ST. ANDREWS, Scotland – Earlier in the week Phil Mickelson suggested they play the Open Championship on the Old Course every year, not that it would help pull Lefty from his links funk. But it would certainly give John Daly a reason to look forward to July.
St. Andrews never disappoints, but everything else is fair game at golf’s oldest, and quirkiest, championship.
John Daly. They call this hamlet in Fife the “Fairytale Town” and JD’s opening 66 on Thursday certainly qualified as a fairytale start.
For all the missteps the big man has taken in his life Thursday was a collective epiphany, both competitively and personally. The desire may have wavered from time to time, but not the talent. Not the way he blasted his way around the Old Course with abandon and aplomb on Day 1.
But even more impressive was the way Daly handled himself at the microphone when the inevitable questions of a sordid past cropped up.
“I've never ran from my mistakes. I've always kind of been the man that you're supposed to be when you screw up, and I've screwed up an awful lot, not just on Tour but in other aspects of life,” Daly said. “I think it's how you come back and deal with it.”
And after a rough second-round 76, not sure the self-dubbed “Mild Thing” has two more days of Old Course magic in him, but it’s good to see his best days are not behind him.
Europe. Somewhere Corey Pavin is pacing nervously. The Ryder Cup is still over two months away and individual achievements usually mean little at the biennial grudge match, but things are not looking good for the U.S. side.
Four of the last six PGA Tour winners have been leading European Ryder Cup candidates – Justin Rose at the Memorial and AT&T National, Lee Westwood at the St. Jude Classic and Graeme McDowell at Pebble Beach – and a quick glance of the Open Championship leaderboard shows the continent with eight of the top 10 spots.
On Tuesday Westwood fired a playful jab at PGA Tour commissioner Tim Finchem during a golf writer’s award dinner: “It was lovely to see an American (Steve Stricker at the John Deere Classic) win on your Tour,” Westwood smiled.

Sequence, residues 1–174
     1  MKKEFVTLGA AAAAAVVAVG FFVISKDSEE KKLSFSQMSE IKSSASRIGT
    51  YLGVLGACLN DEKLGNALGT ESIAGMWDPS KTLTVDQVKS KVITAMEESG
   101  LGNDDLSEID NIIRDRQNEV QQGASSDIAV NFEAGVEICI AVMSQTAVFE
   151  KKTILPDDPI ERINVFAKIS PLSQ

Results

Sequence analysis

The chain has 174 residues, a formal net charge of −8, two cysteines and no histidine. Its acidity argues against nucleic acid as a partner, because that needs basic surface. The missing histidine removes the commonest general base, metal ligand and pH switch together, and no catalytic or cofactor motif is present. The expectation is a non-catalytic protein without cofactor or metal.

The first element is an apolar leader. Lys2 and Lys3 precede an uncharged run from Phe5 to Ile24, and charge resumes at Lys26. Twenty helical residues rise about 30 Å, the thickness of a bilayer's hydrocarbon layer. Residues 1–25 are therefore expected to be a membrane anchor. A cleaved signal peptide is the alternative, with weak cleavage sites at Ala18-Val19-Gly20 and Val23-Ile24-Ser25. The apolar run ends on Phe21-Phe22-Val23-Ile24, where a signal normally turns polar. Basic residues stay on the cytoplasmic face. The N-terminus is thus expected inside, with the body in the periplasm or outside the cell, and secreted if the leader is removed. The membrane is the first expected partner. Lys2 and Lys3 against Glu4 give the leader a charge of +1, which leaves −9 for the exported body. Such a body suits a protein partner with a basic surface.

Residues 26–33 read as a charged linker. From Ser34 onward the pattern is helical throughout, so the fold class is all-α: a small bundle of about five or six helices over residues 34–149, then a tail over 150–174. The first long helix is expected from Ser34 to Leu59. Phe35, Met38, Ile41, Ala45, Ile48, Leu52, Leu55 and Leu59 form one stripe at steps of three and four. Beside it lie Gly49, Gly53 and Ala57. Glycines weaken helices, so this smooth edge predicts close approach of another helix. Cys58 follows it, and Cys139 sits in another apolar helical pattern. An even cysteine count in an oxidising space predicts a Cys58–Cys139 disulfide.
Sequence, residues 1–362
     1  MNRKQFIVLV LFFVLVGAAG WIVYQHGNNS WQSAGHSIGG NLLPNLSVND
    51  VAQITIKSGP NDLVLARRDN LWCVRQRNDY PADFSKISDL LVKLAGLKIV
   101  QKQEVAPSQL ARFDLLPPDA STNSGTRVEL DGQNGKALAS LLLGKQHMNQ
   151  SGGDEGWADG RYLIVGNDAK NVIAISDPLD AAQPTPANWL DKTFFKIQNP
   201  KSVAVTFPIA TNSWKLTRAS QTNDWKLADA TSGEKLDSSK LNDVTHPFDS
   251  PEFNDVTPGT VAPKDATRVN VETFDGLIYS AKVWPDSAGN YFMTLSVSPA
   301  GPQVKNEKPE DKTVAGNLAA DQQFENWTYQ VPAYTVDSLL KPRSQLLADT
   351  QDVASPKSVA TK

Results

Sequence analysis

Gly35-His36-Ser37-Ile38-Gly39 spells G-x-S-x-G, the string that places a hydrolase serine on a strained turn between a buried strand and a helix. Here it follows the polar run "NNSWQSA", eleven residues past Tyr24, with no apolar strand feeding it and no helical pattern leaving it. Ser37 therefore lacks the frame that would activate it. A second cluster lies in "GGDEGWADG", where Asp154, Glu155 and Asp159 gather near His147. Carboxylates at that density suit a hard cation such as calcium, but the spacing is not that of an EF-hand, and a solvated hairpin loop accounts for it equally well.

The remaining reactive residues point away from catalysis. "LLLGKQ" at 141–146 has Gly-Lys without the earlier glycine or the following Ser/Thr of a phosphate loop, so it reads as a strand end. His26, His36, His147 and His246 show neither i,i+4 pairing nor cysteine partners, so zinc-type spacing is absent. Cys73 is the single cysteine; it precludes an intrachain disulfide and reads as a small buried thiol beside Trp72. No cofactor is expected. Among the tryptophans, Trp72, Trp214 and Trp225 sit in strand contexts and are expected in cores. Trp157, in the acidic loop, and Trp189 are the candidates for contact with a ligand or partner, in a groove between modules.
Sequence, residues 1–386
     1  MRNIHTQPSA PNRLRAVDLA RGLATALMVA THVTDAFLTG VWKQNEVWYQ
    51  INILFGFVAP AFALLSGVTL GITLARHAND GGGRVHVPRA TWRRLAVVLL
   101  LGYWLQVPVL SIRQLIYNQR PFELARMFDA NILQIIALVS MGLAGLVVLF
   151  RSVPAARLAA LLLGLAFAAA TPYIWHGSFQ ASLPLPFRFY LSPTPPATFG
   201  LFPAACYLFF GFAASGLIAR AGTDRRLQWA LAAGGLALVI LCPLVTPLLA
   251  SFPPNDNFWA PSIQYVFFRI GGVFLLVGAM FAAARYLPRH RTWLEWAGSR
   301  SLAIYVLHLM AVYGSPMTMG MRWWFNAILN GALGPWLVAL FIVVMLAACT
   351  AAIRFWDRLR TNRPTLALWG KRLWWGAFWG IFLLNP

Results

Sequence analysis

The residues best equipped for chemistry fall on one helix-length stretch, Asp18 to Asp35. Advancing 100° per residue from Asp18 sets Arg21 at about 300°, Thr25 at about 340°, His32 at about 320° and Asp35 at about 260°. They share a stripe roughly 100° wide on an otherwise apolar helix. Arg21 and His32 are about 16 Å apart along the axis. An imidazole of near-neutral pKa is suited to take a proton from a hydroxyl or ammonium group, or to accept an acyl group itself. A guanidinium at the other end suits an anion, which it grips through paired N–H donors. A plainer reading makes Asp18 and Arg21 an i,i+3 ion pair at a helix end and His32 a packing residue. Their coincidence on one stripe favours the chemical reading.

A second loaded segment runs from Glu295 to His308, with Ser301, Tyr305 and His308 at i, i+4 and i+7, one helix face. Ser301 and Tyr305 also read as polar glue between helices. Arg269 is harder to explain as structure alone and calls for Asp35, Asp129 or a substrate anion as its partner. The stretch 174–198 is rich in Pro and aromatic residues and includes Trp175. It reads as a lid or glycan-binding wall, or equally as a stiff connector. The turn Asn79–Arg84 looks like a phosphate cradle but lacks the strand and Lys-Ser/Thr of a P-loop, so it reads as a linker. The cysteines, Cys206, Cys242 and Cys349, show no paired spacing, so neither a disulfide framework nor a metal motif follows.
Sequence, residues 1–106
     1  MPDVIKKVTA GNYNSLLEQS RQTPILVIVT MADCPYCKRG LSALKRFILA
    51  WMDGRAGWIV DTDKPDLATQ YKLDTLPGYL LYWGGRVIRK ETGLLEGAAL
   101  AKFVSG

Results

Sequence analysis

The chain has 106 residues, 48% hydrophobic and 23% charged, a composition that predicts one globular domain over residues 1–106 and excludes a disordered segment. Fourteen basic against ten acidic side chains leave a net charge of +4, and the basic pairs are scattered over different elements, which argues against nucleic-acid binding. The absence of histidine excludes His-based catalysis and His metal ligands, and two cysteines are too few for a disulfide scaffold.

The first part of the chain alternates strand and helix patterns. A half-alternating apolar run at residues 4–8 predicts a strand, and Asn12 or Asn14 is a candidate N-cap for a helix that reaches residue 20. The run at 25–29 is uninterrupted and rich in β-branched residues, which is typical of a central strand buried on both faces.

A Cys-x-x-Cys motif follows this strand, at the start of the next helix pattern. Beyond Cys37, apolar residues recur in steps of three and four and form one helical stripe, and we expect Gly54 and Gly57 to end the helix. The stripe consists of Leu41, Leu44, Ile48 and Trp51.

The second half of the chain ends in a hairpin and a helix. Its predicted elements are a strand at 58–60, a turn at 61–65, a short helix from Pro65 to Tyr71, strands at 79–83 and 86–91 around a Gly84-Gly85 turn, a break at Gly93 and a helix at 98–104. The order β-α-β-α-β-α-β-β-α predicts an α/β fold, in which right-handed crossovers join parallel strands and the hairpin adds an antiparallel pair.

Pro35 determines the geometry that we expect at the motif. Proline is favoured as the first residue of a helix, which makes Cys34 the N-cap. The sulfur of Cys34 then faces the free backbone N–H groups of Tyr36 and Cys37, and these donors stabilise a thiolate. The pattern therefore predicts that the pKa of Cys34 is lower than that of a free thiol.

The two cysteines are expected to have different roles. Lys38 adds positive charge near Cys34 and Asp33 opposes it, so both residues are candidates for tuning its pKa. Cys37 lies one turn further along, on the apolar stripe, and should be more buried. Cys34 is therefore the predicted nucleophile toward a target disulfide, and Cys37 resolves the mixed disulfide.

And Paul Azinger thought he was playing into a four-club wind at Valhalla.
Tweet of the Week: @danjenkinsgd (Golf Digest writer Dan Jenkins) “Mark Calcavecchia stopped at St. Andrews on his way to the Senior British Open next week and he tripped over a 67.”
Made Cut-Did Not Finish
Royal & Ancient. For nearly 40 minutes Friday afternoon the wind whipped, the sun shone and a stunned populace waited for play to resume at the Open Championship. Or maybe they were just waiting for someone to announce the 150th anniversary of the game’s oldest member-member had just been punked.
They don’t stop play at the Open Championship, not for rain, and not very often for wind, but just as Tiger Woods was completing his first hole on Friday the delay horn sounded because of winds that were gusting to 41 mph and moving golf balls on the greens.
It was the first wind delay since the 1998 championship at Royal Birkdale and a decision that chaffed some of the day’s early starters, who shouldered through the worst of Thursday’s weather and didn’t have it much better on Friday morning. But mostly it just confused observers accustomed to the rub of the Scottish “summer.”
“Come on let’s play,” Dr. Bob Rotella smiled.
Phil Mickelson. Earlier this week Lefty heaped praise on the Old Course that bordered on the spiritual, leading some to believe that this was finally the year the world No. 2 solved the links enigma. All of which made his 73-71 start particularly disappointing, if not predictable.
The Hall of Fame resume is far from wanting, but Mickelson’s Open record is pedestrian at best. In 14 Open starts he has just a single top-10 finish and his best showing on the Old Course is a tie for 11th in 2000.
Some contend Mickelson’s aerial game on a links course is akin to bringing a spork to a knife fight, but the real reason may be much simpler. For the man who played one tournament with two drivers in his bag and another, at Torrey Pines no less, without any driver, links golf may ask too many quesitons.
Tiger Woods. The world No. 1’s Q&A with an outwardly hostile United Kingdom press aside, he rates a one-stroke penalty for his subtle stab at the Old Course’s greens.
“These greens are just the slowest I've seen in a long time, if ever,” Woods said following his first-round 67.
This is the second consecutive major that has drawn Woods’ ire for a less-than-perfect roll, following last month’s take that Pebble Beach’s greens were “awful.”
Yet had the greens been a foot faster on the Stimpmeter play may never have resumed on Friday and it’s hard to imagine the Old Course’s putting surfaces rolling much faster in 2000 and 2005 when Woods lapped the field. Be it denial or deflection, on this one Woods was OB.
Restless in Reno. “Cut Line” has listened to one too many Tour types complain about diminishing playing opportunities to let this one slide.
This week’s opposite-field event in Reno was hit with a rash of last-minute withdrawals and an obscure qualification category that caught many players off guard. As a result, a field that was supposed to feature 132 participants played “short” with just 126.
We’ve never been a fan of contraction, not in golf or any business model, but when $3.5 million and a weekend in Reno isn’t enough to get you off the couch consider yourself spoiled, or worse entitled.